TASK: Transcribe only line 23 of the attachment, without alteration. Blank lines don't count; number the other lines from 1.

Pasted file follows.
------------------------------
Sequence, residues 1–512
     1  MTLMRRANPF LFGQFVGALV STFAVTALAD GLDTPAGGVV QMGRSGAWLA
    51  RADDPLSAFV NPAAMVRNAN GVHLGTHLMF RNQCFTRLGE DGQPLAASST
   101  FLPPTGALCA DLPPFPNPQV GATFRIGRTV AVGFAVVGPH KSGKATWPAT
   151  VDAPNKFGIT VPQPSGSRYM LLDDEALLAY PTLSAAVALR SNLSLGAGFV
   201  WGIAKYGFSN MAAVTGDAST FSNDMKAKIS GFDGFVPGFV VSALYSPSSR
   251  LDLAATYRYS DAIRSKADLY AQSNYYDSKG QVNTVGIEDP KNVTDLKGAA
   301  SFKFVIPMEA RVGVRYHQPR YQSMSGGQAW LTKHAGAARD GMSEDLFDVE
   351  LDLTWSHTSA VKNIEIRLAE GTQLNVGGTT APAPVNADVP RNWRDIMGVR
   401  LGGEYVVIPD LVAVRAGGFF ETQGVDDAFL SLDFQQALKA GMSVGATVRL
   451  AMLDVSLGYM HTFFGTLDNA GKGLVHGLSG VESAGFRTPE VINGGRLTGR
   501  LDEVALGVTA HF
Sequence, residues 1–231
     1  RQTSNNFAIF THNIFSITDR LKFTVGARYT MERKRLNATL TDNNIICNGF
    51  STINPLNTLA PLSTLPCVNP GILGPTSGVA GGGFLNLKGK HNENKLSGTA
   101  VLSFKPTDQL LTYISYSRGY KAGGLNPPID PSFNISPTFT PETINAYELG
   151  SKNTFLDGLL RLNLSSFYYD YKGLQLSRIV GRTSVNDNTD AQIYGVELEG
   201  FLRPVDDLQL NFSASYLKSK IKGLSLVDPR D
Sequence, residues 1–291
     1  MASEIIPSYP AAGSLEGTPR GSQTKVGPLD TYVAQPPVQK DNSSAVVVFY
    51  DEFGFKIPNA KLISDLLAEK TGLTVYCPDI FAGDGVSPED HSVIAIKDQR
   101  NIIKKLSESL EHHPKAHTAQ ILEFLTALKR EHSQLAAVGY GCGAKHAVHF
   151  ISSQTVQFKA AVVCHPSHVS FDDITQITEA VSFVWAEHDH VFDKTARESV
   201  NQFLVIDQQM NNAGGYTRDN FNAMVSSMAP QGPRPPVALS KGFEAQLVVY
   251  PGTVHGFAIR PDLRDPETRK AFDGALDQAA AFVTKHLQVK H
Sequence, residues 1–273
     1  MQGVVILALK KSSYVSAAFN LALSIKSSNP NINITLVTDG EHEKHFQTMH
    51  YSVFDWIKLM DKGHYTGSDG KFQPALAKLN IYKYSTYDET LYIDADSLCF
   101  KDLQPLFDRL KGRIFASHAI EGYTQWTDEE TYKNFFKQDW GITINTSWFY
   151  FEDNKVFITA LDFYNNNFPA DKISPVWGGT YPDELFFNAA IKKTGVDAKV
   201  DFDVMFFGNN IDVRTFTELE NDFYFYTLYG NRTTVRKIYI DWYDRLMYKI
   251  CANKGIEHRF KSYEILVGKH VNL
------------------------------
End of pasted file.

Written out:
   151  ISSQTVQFKA AVVCHPSHVS FDDITQITEA VSFVWAEHDH VFDKTARESV